From the Archives: The Hyperloop

My good friend Jeff Mann, the true Yard Ramp Guy, has asked me to revisit some of my original contributions. And so: my From the Archives series. This week: the Hyperloop would get you from Point A to Point B in record time. Hands and legs in the compartment at all times, please.

The way I figure it, most billionaires are just investors: they're simply using money to make more money. It's not real exciting, but if you really want to be rich that bad, I guess it works.

A few billionaires are more interesting to me, though—guys like Bill Gates and Elon Musk, who actually get involved in producing new things.

Elon Musk is especially noteworthy right now. He's started a private space corporation (SpaceX), co-founded Tesla Motors, and most recently is pushing for the Hyperloop.

The Hyperloop

The Hyperloop: All Aboard

The Hyperloop is a conceptual transportation system that would be able to move passengers at speeds twice, or more, of a passenger aircraft. Essentially, it's a high speed train in a sealed tunnel with most of the air pumped out, letting it speed unhindered by air resistance, track friction, weather, or any of the difficulties facing other modes of high-speed transportation.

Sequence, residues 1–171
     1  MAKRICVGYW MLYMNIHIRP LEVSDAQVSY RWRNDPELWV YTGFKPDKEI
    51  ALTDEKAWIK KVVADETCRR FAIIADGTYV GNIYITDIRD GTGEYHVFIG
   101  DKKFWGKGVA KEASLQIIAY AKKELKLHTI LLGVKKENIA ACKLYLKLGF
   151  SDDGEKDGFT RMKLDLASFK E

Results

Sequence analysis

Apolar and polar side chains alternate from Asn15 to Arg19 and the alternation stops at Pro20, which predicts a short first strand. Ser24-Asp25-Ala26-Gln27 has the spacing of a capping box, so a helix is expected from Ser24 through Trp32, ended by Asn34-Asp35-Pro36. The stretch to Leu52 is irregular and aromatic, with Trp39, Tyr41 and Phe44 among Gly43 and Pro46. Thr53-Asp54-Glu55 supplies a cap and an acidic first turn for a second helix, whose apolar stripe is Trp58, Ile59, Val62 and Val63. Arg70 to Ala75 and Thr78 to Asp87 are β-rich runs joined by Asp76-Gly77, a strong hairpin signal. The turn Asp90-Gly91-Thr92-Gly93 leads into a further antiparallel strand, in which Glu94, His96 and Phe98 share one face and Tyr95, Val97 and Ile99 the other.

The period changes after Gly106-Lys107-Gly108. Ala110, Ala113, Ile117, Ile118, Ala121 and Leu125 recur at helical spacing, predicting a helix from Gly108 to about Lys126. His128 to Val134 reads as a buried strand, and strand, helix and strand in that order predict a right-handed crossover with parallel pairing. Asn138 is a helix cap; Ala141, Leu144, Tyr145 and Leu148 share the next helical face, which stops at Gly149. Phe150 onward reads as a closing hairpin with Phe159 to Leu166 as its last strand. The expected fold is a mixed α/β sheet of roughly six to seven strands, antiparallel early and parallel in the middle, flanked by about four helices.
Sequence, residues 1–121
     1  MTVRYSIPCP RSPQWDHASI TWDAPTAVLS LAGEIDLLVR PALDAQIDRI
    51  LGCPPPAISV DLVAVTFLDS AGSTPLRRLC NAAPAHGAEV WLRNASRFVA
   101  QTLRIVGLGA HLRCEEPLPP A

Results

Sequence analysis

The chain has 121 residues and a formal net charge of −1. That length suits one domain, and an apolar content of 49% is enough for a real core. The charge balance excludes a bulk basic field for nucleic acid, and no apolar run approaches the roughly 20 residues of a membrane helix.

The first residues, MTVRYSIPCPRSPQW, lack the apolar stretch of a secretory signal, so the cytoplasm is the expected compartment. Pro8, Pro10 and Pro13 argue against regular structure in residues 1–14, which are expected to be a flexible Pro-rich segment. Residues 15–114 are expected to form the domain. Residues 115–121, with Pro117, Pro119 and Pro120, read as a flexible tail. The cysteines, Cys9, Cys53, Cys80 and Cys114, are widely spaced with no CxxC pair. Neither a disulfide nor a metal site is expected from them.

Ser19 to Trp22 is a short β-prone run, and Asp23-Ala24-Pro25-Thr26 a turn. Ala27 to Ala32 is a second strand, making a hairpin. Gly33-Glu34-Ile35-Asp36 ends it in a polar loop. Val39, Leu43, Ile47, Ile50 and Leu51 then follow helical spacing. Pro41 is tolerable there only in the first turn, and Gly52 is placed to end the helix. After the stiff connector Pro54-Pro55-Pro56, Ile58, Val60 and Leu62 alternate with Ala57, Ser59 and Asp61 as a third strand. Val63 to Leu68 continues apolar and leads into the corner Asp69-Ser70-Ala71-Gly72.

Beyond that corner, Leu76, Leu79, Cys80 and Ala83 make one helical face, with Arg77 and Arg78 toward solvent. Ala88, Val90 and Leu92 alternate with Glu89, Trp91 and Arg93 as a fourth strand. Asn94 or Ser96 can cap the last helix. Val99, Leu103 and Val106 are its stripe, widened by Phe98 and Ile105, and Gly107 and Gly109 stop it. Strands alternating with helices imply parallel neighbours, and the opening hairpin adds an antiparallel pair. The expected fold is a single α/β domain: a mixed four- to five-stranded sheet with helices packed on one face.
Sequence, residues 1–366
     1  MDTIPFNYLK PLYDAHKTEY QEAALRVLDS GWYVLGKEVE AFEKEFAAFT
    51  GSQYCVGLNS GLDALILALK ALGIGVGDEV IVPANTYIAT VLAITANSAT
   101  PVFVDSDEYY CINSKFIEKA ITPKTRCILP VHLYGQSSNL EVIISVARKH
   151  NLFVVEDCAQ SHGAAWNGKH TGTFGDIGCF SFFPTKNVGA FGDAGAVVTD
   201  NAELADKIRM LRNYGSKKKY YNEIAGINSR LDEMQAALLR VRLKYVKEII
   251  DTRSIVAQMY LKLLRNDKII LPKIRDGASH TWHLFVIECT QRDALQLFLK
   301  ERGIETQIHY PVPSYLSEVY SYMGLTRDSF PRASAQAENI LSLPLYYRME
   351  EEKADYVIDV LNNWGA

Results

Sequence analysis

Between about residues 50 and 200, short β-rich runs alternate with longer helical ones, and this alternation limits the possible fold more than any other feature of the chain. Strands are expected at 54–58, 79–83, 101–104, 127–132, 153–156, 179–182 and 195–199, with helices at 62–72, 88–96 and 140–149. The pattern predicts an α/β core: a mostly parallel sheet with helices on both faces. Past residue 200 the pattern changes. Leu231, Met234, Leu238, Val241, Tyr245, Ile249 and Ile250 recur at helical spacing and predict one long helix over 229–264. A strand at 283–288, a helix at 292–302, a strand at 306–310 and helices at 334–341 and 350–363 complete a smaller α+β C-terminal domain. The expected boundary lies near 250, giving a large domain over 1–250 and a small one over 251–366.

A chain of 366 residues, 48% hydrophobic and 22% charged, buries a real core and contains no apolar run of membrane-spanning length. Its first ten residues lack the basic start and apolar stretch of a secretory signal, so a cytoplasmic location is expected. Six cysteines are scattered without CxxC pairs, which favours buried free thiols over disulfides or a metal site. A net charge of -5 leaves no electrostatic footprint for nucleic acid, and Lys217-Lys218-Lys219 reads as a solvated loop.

This thing could potentially hit thousands of miles an hour (depending on how low they can keep the pressure in the tube; that's the big limiting factor). Rather than using maglev (magnetic levitation) or wheels, the train would float on air rails, very similarly to how an air hockey table works, and it would be accelerated by linear induction motors.

This concept isn't new. The idea of vacuum trains has been around for decades. This is one of the first attempts to really build one, though. While all of the initial design work was done by Musk's engineers, he then took the unusual step of releasing all of the designs and plans. All of them. He turned it into an open source project.

Most of the current work on the project is by a group of engineers called Hyperloop Transportation Technologies. (The old saw about engineers getting to name companies holds true here).

That's not to say that it doesn't face plenty of troubles of its own. They've still got to figure out how to handle earthquakes, any number of technical issues, and even zoning issues. But I feel confident saying that we'll get to see this fly one day.

The Yard Ramp Guy Blog: The Forklift Ramp Secret

What on earth is my friend The Yard Ramp Guy doing, giving away trade secrets? It high time to find out. And the answer is rather timely.

Click HERE to spend a few rewarding minutes.

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